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Introductory physics force problems

  1. Sep 10, 2011 #1
    1. The problem statement, all variables and given/known data
    1) http://i.imgur.com/JbK13.gif
    The figure below depicts the forces acting on a safe being pushed up an ramp by movers, Fa. The mass of the safe is 500 kg, the coefficient of static friction along the incline is μs = 0.41 and the coefficient of kinetic friction along the incline is μk = 0.34. The ramp forms an angle θ = 23° above the horizontal. The top of the wall is h = 1.0 m off the floor. What force needs to be applied to hold the safe in place?

    2) http://i.imgur.com/ZTYbR.gif
    A young boy with a broken leg is undergoing traction. Find the magnitude of the total force of the traction apparatus applied to the leg, assuming the weight of the leg is 75 N and the weight hanging from the traction apparatus is also 75 N, θ = 28°.


    2. Relevant equations
    None were given to me, but this is what I think they are:
    1)Fs = μs * N
    w = mg

    2) horizontal component of the traction force = 2 * 75 * cos (28) = 132 N


    3. The attempt at a solution

    1) static friction cannot hold the safe in place without having it slide back down

    x components: -mg sin(theta) + Ffr = 0 = mg sin(theta) + uN
    y components: N - mg cos(theta) = 0
    N = mg cos(theta)

    therefore F = -mg sin(theta) + u(mg cos(theta))
    I don't think this is right...

    2) horizontal component of the traction force = 2 * 75 * cos (28) = 132 N
    magnitude of the force exerted on the femur by the lower leg = 132 N

    I really appreciate any help you can give me! Thank you so much!
     
    Last edited: Sep 10, 2011
  2. jcsd
  3. Sep 10, 2011 #2

    kuruman

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    Problem 2 is fine.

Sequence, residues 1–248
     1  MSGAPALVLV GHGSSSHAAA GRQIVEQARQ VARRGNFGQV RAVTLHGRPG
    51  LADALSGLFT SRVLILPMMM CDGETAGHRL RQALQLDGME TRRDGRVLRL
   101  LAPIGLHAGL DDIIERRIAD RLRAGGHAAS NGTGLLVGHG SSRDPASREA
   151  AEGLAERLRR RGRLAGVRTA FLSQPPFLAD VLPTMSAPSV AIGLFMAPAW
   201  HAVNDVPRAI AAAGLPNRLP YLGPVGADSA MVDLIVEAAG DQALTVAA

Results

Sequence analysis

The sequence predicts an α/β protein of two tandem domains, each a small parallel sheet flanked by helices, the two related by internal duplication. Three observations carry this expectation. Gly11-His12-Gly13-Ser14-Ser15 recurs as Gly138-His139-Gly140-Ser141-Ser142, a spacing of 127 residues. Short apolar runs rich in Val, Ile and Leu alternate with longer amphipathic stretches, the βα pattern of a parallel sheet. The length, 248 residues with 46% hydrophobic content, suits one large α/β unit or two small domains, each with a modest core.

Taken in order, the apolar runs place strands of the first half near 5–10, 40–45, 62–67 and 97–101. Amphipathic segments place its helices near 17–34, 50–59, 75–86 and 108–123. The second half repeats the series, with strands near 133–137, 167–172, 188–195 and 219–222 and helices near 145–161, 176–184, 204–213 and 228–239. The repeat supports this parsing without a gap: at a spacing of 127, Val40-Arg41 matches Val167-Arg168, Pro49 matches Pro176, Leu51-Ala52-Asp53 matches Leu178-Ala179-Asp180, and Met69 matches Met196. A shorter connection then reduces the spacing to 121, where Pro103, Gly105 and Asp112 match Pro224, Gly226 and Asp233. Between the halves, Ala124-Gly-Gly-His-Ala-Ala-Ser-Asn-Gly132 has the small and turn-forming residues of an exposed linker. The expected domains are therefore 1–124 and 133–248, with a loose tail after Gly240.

For problem 1: Assume that the safe is standing on the ramp without anyone touching it. As you say, static friction is not enough to keep it at rest. OK, but what is the net force acting on it if this were true? That is the force that needs to be applied up the ramp to keep it at rest.
     
  4. Sep 10, 2011 #3
    For problem 2, the horizontal component isn't enough apparently. I don't know what the vertical component is though.

    For problem 1, I have F = mg sin(theta) + u(mg cos(theta)). But I don't think that gets me the right answer. I don't know if I'm setting up my x and y components correctly.
     
  5. Sep 10, 2011 #4

    kuruman

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    The vertical component is such that the leg is at rest. What forces act on the leg in the vertical direction?
    The two force components are in opposite directions; if one is positive, the other must be negative.
     
  6. Sep 10, 2011 #5
    Problem 2. The forces that act on the leg at rest are the weight (mg).

    Problem 1. Would it be F = mg sin(theta) - u(mg cos(theta))?
     
  7. Sep 11, 2011 #6

    kuruman

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    That's only the vertical component exerted by the traction apparatus. To find the total or net force exerted by the apparatus you also need to consider its horizontal component.

    It would be that.
     
  8. Sep 11, 2011 #7
    For problem 2, the horizontal component of the traction force = 2 * 75 * cos (28) = 132 N. Would it just be 132 N + mg?
     
  9. Sep 11, 2011 #8

    kuruman

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    It would not. The two components are at right angles to each other. How do you find the resultant in this case?
     
  10. Sep 11, 2011 #9
    Would it be sqrt (75^2 + 132^2) using the Pythagorean theorem?
     
  11. Sep 11, 2011 #10

    kuruman

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    It would be that.
     
  12. Sep 11, 2011 #11
    Thank you so much! For the first problem would it be:

    F = mg sin(theta) - u(mg cos(theta)) = 500*9.8 sin 23 - 0.41(500*9.8 cos 23) = 65.3 N?
     
  13. Sep 11, 2011 #12

    kuruman

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